University of Arizona a dot Cooperative Extension

Alfalfa Report
Yuma County, Arizona
September 10, 2001

Yuma County Office
2200 W. 28th Street, Ste. 102
Yuma, AZ 85364
(928) 726-3904
(928) 726-8472 FAX

Production Update:
PDF version, 40KB

Selecting an alfalfa variety: Alfalfa growers in Arizona have over 40 varieties to choose from at planting time. Most of these varieties are reported to have multiple pest resistance, high yield potential and outstanding quality. Choosing an alfalfa variety involves answering the following questions: 1) Which fall dormancy rating is desired? Usually, nondormant and very nondormant varieties are most productive; 2) Which pests will be major problems? 3) What yield performance data is available? Potential new varieties should be planted on a small acreage on-farm and compared to varieties of known performance before planting on a large scale.
Nondormant Alfalfa Varieties for Arizona 2001 PDF file, 42 KB

Insect Management: Beet armyworm and western yellowstriped armyworm are common pests in low desert alfalfa from June through September. Egg masses, covered with gray or white cottony scales, are deposited on the upper side of leaves. Eggs hatch in a few days and larvae reach full size in 2 to 3 weeks. Larvae pupate on or under the soil surface. Larvae appear smooth and are usually black with two prominent orange yellow stripes and many narrow stripes on each side. An intense black spot on the lateral margin of the first legless segment is a distinguishing characteristic. First instar larvae web terminal leaves together and skeletonize the leaves, later dispersing through the crop. Spiders and predacious bugs prey on larvae and larvae may be parasitized by Hyposoter exigua wasps. Monitor fields weekly using a sweep net and check fields 2 to 3 times per week if heavy populations begin to develop. Make 5 sweep counts at each of 4 to 5 locations in the field. Treat when there are 15 non-parasitized armyworms of more than inch per sweep.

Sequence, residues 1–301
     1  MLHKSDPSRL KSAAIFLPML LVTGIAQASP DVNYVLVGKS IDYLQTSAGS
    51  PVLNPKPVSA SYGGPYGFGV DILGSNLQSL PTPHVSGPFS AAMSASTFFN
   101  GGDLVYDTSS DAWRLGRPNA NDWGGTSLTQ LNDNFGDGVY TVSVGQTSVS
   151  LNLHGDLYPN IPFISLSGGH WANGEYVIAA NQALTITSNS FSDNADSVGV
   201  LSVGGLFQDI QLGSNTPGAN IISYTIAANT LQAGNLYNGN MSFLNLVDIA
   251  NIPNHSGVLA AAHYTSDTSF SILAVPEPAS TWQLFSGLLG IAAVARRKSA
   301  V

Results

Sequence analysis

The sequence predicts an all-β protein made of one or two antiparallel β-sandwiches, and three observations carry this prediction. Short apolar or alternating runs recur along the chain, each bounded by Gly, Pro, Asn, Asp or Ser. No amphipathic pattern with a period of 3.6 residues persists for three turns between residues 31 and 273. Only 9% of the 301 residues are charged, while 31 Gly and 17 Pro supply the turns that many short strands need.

Weed Control: The performance of herbicides can be effected by the mixing sequence of treatments requiring the addition of adjuvants. Dry flowable formulations, for instance, can be difficult to dissolve if the adjuvant is added before the herbicide is dissolved in water. The mixing sequence on the label should be followed.

Market Summary
Off grade
Past 2 Weeks (August 27 to Sept. 9, 2001)
Last Year (August 27 to Sept. 9, 2000)


10 Year Summary (August 27 to Sept. 9, 1992-2001):

Graph of the 10 year summary of alfalfa prices from  August 27 to September 9, 1992 to 2001


Full Disclaimers

Issued in furtherance of Cooperative Extension work, acts of May 8 and June 30, 1914, in cooperation with the U.S. Department of Agriculture, James A. Christenson, Director Cooperative Extension, College of Agriculture and Life Sciences, The University of Arizona.

The University of Arizona is an equal opportunity, affirmative action institution. The University does not discriminate on the basis of race, color, religion, sex, national origin, age, disability, veteran status, or sexual orientation in its programs and activities.

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Information provided by:
Barry Tickes, Extension Agent, Yuma County
Michael Ottman, Agronomy Specialist
College of Agriculture, The University of Arizona.
Eric Natwick, UCCE Imperial County - Farm Advisor
University of California, Davis, CA.

Material written September 10, 2001.

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